skip to Main Content

Source: Why Tuesday’s earthquake in Taiwan was so much less destructive than the one in 1999

The recent 7.4 magnitude earthquake in Taiwan resulted in tragically lost lives, but the damage and casualties were significantly lower compared to the devastating 1999 quake. As engineers and disaster response professionals, it’s crucial to understand why. In an interview with NPR, our CEO, Dr. Kit Miyamoto, explained that Taiwan’s commitment to improving building codes, construction inspections, and seismic retrofitting over the past 20 years made a huge difference in the outcome of this earthquake.

Older concrete structures are particularly dangerous during earthquakes because the reinforcement can essentially explode under intense motion. However, modern construction techniques, such as using hooks around piers and columns, allow buildings to move without collapsing, making them much safer.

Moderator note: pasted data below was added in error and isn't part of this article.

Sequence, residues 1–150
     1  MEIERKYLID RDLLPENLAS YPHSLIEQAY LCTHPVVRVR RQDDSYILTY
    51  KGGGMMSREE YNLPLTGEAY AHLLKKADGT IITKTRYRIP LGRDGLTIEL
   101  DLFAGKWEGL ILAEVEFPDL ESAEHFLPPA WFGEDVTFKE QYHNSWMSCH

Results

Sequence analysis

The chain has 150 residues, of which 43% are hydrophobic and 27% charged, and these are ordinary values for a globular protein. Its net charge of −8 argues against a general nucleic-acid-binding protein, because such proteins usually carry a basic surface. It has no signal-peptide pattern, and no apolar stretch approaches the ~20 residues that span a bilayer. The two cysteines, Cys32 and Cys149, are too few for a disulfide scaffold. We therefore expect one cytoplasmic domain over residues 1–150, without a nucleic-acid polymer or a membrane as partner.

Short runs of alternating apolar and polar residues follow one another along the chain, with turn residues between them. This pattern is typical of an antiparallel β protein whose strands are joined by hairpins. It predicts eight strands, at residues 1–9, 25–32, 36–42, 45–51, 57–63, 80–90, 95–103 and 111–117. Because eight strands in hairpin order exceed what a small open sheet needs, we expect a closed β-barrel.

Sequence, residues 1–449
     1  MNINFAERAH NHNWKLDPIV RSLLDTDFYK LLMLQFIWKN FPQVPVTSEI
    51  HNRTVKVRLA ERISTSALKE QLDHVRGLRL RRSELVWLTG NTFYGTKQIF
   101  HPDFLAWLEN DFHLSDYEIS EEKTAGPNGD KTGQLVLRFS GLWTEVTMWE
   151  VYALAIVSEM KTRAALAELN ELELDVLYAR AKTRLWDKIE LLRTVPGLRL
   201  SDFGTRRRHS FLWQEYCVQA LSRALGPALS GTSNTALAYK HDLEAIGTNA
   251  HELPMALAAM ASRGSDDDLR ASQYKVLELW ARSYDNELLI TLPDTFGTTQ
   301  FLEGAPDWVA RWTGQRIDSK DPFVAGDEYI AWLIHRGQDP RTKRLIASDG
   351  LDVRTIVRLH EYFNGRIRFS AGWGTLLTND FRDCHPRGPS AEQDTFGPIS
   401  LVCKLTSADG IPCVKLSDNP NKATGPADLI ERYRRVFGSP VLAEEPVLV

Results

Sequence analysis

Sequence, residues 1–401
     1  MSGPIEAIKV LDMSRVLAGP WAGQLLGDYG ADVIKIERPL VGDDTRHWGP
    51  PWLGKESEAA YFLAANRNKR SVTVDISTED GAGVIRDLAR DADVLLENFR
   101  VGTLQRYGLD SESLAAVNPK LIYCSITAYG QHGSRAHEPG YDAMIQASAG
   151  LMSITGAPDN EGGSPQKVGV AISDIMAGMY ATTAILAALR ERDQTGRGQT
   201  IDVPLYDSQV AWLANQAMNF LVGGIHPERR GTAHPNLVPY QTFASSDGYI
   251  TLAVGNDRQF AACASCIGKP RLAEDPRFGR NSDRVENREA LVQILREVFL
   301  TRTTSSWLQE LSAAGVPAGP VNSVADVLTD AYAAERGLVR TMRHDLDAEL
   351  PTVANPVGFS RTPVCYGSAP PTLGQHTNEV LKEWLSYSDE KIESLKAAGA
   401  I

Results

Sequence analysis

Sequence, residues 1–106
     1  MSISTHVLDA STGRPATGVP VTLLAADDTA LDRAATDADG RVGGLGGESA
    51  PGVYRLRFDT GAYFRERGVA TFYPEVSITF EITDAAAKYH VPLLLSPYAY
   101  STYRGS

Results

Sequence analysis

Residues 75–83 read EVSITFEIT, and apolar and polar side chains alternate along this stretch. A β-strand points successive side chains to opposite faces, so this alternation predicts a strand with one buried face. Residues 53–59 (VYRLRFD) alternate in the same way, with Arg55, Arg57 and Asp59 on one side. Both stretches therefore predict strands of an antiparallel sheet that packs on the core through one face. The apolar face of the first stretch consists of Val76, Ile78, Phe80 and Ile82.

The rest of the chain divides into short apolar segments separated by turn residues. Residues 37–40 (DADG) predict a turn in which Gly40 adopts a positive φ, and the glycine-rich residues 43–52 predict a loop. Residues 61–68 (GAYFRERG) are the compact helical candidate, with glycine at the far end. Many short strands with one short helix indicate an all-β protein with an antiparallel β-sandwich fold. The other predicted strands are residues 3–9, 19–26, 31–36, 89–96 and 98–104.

Taiwan’s experience highlights the critical importance of continuously updating building codes, enforcing them, and investing in seismic strengthening of older structures. These actions undoubtedly saved countless lives and reduced the extent of damage.

California and other earthquake-prone regions worldwide must learn from Taiwan’s example. A similar quake in California could affect 4 million people, cause 2,000 fatalities, and completely damage 5-10% of buildings. Additionally, the prevalence of wood-frame construction in California poses a significant risk of fires following an earthquake.

×Close search